Home of Rural Medicine

It’s no secret that Alabama is a rural state. In fact, only four metropolitan areas can be said to be totally urban.  One of the greatest challenges of our state is how to meet the pressing medical needs in rural areas.  And one of the greatest secrets in our state is that practicing rural medicine provides physicians unique rewards both personally and professionally.

So, what is it about being a rural family physician? To begin with, he/she uses a solid medical education and continues to build on it to appropriately and creatively care for patients. But just as important is how the rural physician is a trusted leader who makes a meaningful difference in the community.

If you’re interested in meeting the medical needs of entire families from birth to death; in being a welcomed and respected member of your community; and in establishing a real home-town fit for you and your family, you owe it to yourself to contact us to explore this unique field of medicine.

Rural Medicine News

Rural Medicine Program students receive White Coats to begin Auburn University studies

The 2016 entering students of the Rural Medicine Program (RMP) were awarded their first clinical white coats, a stethoscope and a book stipend on August 16, 2016, during a dinner at the East Alabama Medical Center in Opelika.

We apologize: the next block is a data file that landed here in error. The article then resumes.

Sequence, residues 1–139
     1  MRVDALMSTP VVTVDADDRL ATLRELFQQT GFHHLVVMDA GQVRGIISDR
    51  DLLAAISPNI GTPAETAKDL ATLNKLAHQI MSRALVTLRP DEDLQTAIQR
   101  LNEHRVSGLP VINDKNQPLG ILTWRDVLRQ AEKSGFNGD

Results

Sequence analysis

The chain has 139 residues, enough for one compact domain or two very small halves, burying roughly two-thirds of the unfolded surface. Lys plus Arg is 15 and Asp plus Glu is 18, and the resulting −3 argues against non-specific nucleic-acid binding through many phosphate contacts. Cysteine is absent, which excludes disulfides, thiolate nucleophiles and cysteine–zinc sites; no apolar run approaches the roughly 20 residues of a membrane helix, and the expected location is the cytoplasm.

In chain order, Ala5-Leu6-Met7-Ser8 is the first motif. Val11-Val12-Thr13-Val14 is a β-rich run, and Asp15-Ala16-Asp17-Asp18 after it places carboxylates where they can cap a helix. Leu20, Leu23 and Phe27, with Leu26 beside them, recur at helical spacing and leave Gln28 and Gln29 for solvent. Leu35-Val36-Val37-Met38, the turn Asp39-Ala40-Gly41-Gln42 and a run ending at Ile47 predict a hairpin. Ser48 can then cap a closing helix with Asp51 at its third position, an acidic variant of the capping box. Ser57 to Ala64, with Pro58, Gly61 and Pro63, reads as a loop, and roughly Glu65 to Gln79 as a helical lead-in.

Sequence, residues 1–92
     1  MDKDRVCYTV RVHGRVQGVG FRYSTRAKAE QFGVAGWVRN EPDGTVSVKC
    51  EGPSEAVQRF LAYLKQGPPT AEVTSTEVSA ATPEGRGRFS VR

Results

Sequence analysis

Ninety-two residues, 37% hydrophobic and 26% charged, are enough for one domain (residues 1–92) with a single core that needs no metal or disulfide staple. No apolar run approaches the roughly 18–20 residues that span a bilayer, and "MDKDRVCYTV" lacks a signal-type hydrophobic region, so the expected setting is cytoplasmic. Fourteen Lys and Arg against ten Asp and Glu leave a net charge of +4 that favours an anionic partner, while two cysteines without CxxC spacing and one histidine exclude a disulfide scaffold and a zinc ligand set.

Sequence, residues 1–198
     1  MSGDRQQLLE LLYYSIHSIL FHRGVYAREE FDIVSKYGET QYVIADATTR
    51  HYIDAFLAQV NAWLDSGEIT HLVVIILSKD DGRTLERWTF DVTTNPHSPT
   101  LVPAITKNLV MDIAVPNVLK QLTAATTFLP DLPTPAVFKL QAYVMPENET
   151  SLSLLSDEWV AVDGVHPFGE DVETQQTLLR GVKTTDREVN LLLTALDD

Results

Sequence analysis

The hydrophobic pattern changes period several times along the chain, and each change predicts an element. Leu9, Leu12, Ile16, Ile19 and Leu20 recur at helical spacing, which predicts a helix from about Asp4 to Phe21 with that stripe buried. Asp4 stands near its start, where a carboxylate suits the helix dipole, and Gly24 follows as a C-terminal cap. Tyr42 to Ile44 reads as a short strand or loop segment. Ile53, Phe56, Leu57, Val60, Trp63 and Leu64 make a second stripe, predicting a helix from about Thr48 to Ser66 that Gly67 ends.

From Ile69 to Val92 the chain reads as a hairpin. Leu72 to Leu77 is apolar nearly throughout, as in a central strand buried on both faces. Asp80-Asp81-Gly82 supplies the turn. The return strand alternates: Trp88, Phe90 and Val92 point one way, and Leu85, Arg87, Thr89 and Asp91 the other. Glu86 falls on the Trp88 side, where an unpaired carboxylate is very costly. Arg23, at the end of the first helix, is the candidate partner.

The RMP is a pre-matriculation year at Auburn University prior to entering UAB School of Medicine for students who were raised in rural Alabama. The program is designed to support and guide students who will return to rural Alabama as primary care physicians. The first class started in 2006 and to date 82% of the students who have completed all their medical students practice family medicine in rural Alabama.

This year’s class of 8 students will spend the 2016-17 academic year at Auburn doing course work that address the unique needs and experiences of rural Alabama and its residents. They will then enter the UAB School of Medicine for 4 years of studies which include emphasis on the medical needs of rural Alabamians.

The students, their undergraduate schools and hometowns are pictured as follows (left to right): Anmol Ahuja, UAB, Clanton; Morgan Read, Auburn, Wellington; Dusty Trotman, Univ. of Alabama, Rainsville; Joe McIlwain, Auburn, Tuscumbia; Sara-Elizabeth Cardin, Univ. of Alabama, Rogersville; Ben Chappell, Auburn, Alexander City; Alicia Williams, Fort Payne, Mercer Univ.; and Candace Clemmons, Auburn, Geneva.


White coat Class of 2021